Growing jade plants from cuttings is an easy and accessible way to start or add variety to your collection of jades. Simply remove a leaf or stem that measures two inches or longer from an established jade plant and use a small pot filled with soil containing coarse sand or pumice for rooting purposes. Place the cutting in its new home for several days so that a callous forms over its cut area, helping prevent rot while encouraging rooting.

Weeping Fig

Weeping fig is a tropical evergreen tree that thrives in warm, humid environments and makes an excellent bonsai plant. Beginners may prefer it because its minimal light requirements and easy maintenance make it suitable for beginners. Furthermore, its small green fruits turn red as they mature; its leaves have deep green hues while its trunks feature smooth bark – this tree makes an excellent indoor bonsai choice because its leaves don’t shed as frequently!

Ficus plants can be used in several styles of indoor bonsai, from formal upright and slanting bonsai to cascade and semi-cascade styles, broom, rock-over-root clasped-to-rock and twin trunk varieties. Furthermore, these versatile plants can also be trained into clump, sinuous or straight line styles for group planting purposes; additionally they’re adaptable to various climates as long as frost protection is provided for them outdoors.

It’s essential to select a container slightly larger than the root system of a sapling tree for optimal root development and growth. A mixture of peat moss, perlite and pine bark would work best. Weeping fig plants prefer high humidity levels; misting when humidity begins to dip can help ensure a healthy environment for them. Pruning and fertilizing weeping fig bonsais on an ongoing basis using slow-release formula fertilizers will ensure maximum health benefits from lush foliage growth and ensure healthy trees!

Bougainvillea trees make an excellent indoor bonsai option, featuring brightly-hued blooms to light up any room and lasting over 1000 years – with proof found today in Italy at Crespi Museum!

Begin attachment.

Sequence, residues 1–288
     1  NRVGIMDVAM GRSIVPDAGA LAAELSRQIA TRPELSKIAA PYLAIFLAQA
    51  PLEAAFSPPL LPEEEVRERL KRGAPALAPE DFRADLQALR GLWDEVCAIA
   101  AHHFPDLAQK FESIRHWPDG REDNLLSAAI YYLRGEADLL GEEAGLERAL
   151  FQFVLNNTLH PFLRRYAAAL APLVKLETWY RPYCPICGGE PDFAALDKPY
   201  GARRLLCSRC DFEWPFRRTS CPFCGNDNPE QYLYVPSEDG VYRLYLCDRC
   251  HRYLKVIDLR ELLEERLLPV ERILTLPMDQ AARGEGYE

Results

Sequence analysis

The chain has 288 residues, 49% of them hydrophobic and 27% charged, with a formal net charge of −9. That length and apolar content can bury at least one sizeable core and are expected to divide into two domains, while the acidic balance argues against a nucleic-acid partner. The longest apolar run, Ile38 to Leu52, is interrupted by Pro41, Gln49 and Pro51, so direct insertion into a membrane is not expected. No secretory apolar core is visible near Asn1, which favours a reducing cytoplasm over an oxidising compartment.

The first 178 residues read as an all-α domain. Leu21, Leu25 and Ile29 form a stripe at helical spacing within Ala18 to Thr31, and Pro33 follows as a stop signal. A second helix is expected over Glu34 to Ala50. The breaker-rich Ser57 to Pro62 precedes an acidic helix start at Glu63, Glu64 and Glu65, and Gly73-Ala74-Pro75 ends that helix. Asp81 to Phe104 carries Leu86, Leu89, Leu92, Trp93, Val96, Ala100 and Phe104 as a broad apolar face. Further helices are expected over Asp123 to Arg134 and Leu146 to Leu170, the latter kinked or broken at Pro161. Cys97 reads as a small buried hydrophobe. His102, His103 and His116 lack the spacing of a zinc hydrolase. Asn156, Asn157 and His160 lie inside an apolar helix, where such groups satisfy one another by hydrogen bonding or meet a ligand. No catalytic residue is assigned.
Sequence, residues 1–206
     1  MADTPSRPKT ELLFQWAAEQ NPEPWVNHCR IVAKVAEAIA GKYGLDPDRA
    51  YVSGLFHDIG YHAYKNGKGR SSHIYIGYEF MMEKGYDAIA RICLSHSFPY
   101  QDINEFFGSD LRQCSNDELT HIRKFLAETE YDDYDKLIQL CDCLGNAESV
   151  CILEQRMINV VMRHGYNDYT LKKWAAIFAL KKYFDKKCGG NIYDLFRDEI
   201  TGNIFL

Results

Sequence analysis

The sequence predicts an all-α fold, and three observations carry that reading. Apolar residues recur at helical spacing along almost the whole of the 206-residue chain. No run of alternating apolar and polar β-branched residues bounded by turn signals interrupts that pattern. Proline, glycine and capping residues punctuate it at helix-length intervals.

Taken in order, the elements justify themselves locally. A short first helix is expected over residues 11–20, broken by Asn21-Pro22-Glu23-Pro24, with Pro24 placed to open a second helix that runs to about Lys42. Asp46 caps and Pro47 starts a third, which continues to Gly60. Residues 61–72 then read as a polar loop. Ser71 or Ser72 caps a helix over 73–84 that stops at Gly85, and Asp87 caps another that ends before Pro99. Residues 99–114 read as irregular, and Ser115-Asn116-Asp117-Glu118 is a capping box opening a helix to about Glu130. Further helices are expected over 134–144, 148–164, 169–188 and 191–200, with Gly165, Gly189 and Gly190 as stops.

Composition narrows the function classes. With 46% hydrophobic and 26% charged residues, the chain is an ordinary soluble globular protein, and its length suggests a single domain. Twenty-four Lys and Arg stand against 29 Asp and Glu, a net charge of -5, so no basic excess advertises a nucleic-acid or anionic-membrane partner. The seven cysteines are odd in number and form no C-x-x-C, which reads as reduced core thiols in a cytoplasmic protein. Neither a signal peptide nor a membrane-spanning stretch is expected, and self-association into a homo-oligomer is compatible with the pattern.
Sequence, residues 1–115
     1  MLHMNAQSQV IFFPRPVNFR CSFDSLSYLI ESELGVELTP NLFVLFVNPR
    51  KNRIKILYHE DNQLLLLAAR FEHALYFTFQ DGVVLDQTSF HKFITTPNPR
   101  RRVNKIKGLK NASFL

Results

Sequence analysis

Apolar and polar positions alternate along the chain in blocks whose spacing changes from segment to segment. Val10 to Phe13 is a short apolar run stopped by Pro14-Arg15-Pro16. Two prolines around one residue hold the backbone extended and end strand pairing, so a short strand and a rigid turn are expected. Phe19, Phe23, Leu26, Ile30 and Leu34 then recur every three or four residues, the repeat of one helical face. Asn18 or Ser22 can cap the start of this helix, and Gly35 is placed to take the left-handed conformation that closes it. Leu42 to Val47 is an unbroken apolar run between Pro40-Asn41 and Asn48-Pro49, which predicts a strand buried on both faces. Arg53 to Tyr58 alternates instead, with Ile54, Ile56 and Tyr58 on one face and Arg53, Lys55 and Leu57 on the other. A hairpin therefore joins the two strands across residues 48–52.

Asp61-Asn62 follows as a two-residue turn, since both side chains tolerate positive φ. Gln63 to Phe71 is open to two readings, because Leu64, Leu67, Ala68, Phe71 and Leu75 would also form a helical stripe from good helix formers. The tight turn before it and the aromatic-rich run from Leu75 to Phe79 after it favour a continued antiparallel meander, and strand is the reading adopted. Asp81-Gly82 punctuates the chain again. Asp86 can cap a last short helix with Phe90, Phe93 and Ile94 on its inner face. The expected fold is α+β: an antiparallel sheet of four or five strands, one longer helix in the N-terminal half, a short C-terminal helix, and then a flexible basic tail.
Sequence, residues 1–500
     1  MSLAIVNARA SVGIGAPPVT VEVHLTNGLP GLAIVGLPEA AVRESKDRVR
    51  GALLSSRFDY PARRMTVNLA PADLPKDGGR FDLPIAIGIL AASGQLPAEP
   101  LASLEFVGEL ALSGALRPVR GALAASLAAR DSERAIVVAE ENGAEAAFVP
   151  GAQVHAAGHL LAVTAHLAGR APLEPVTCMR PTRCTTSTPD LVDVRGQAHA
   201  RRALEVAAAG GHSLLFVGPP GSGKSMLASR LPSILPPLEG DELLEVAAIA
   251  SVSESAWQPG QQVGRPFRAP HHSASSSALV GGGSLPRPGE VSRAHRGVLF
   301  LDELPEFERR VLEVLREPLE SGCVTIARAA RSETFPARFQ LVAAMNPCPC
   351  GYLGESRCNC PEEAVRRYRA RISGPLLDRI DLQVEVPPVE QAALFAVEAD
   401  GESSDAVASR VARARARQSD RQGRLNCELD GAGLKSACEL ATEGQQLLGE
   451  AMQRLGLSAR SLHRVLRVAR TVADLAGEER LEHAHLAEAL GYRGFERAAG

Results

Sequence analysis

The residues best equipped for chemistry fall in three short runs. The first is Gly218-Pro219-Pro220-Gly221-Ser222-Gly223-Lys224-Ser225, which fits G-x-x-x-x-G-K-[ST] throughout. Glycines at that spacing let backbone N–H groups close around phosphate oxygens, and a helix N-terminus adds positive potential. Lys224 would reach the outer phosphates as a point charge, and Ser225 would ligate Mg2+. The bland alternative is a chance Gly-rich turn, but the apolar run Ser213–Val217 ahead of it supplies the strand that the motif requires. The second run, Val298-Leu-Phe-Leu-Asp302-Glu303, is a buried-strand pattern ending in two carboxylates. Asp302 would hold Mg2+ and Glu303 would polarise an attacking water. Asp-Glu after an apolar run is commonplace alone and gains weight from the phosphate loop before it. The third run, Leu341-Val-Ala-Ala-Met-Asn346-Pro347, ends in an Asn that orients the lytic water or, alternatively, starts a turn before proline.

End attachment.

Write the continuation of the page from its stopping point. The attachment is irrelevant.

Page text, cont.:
Bougainvillea is an extremely adaptable and simple plant to care for, ideal for almost all bonsai styles – particularly Japanese styles. It boasts dense foliage that’s easy to grow under low lighting conditions; in general it requires about an average amount of watering each week, though this tree shouldn’t become demanding as its care demands decline over time.

Fukien Tea

Fukien tea (Carmona retusa and Ehretia buxifolia) is one of the few tropical and subtropical trees suitable for living indoors, making this bonsai more mature than most tropical plants. Popular among those looking to build Penjings or miniature trees in their home environment.

Note that Fukien Tea trees only thrive indoors if exposed to full sunlight, though they can withstand cooler temperatures but not very low ones. If you bring one into your home as a bonsai or bonsai arrangement, be sure to move it before winter begins into a shaded or partially shaded location to protect it from the cold temperatures.

These trees require plenty of moisture in order to thrive, typically requiring a humidity tray filled with water or mist bottle for improved air quality and prevent their soil from drying out. When placing one near heating systems or direct sunlight, try not to place it too close – these could dry out the air too quickly!

This species is particularly sensitive to overwatering, so it’s crucial that only watering when the soil feels dry to touch is done so. Overwatering may lead to root rot; check soil regularly during the day and apply water only when top inch of soil dries out completely.

Repotting bonsai trees once every two to three years is required as their roots expand over time and if too loose in their container they won’t receive adequate nutrition. Therefore, use bonsai mix specifically tailored for these kinds of trees to achieve success.

After pruning has been completed, it is vitally important that the Fukien Tea bonsai be wired so as not to break. This will enable it to retain its form and promote balanced growth. Young branches tend to be flexible and easier to wire; older or mature ones become rigid over time and become harder. When wiring, aluminum alloy bonsai wire will not rust over time and is ideal.